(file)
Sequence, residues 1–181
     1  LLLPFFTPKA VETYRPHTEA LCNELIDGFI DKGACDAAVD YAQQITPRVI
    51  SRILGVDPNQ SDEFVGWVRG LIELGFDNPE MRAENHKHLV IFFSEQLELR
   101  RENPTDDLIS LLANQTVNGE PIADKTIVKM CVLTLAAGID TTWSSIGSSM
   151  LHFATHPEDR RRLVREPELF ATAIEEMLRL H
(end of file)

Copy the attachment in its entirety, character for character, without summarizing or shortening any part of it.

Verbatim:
Sequence, residues 1–181
     1  LLLPFFTPKA VETYRPHTEA LCNELIDGFI DKGACDAAVD YAQQITPRVI
    51  SRILGVDPNQ SDEFVGWVRG LIELGFDNPE MRAENHKHLV IFFSEQLELR
   101  RENPTDDLIS LLANQTVNGE PIADKTIVKM CVLTLAAGID TTWSSIGSSM
   151  LHFATHPEDR RRLVREPELF ATAIEEMLRL H